A recent report from NBC News has once again placed artificial turf in the crosshairs.
NBC News reported on Oct. 8 that 38 soccer players across the United States who have played on artificial turf have been diagnosed with cancer.
The report profiles soccer coach Amy Griffin, associate head coach for the University of Washington women’s soccer team, who noticed the connection when visiting an athlete in the hospital who was receiving chemotherapy treatments. Griffin says that of those 38 athletes diagnosed with cancers such as leukemia and lymphoma, 34 were soccer goalkeepers.
Griffin pointed to the “little black dots,” or the granular crumb rubber infill material from recycled tires, as the possible cause.
The Synthetic Turf Council (STC) gave a statement in the report, saying that the evidence collected thus far by scientists and state and federal agencies proves artificial turf, and the infill, is safe.
“We’ve got 14 studies on our website that says we can find no negative health effects,” Dr. Davis Lee, an STC board member, says in the report.
After NBC News’ article went viral, numerous reports of cancelled synthetic turf installations have surfaced. Some of those fields include Kennedy Catholic High School in Burien, Wash., according to The Huffington Post, and Carey Stadium in Ocean City, N.J., according to another NBC News report.
[Update: Construction on a Mt. Lebanon, Penn., $1.05 million artificial turf project began on Oct. 23, but residents’ group Mt. Lebanon Advocates for Child Health has scheduled a protest at 11 a.m. on Oct. 26 in hopes to bring the project to a halt until more research is done, says triblive.com]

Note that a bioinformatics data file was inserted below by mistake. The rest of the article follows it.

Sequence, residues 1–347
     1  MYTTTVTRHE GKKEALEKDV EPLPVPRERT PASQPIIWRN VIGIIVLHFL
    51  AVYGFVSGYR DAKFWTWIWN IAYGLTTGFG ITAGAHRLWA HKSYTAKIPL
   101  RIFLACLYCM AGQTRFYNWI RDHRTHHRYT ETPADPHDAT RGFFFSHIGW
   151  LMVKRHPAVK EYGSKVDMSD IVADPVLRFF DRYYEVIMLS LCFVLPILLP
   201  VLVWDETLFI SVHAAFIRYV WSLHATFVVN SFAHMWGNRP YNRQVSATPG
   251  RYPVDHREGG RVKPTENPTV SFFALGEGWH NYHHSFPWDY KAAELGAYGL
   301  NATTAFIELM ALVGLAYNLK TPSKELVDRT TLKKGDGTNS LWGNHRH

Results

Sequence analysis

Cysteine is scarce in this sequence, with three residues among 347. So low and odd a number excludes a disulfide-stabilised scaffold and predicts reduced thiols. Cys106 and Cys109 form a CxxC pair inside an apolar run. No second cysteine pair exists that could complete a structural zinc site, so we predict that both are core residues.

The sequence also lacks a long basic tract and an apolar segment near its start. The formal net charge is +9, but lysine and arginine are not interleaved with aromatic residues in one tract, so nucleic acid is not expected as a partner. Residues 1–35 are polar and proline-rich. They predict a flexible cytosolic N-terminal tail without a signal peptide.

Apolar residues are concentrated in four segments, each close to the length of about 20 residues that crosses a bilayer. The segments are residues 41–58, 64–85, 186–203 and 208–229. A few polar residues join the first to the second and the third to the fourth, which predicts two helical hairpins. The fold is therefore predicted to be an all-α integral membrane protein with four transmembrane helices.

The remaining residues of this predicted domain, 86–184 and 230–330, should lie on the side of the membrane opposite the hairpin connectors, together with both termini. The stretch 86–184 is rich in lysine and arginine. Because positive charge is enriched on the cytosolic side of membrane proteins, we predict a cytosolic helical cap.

This isn’t the only concern with synthetic turf athletic fields in the media. The recent controversy between FIFA and women’s 2015 World Cup players has been an ongoing battle.
FIFA announced the Women’s World Cup’s nine stadiums will feature synthetic turf surfaces. The women athletes have expressed concerns over safety, declaring that unlike natural grass, synthetic turf leads to injuries and changes the game altogether.
Abby Wambach, along with a growing number of other professional players, have signed a petition requesting FIFA give an equal opportunity for them to play on natural grass – like the men received when they played at the 2014 World Cup Brazil.
According to a Los Angeles Times article published Oct. 28, FIFA allegedly threatened players who supported World Cup lawsuit, stating “attorneys for more than 60 women soccer players charged that federations in Mexico and Costa Rica were asked to punish players unless they removed their names from a lawsuit against FIFA […] and the Canadian Soccer Assn.”
Cost savings, maintenance and upkeep of artificial turf have also recently been questioned in a Forbes article.
Although these concerns have made their splash in the media, NBC News’ “extensive investigation” concluded with this: They could not conclude whether crumb turf causes any harm in athletes, and no research has linked cancer to possible carcinogens within artificial turf.
View NBC News’ video supplement below.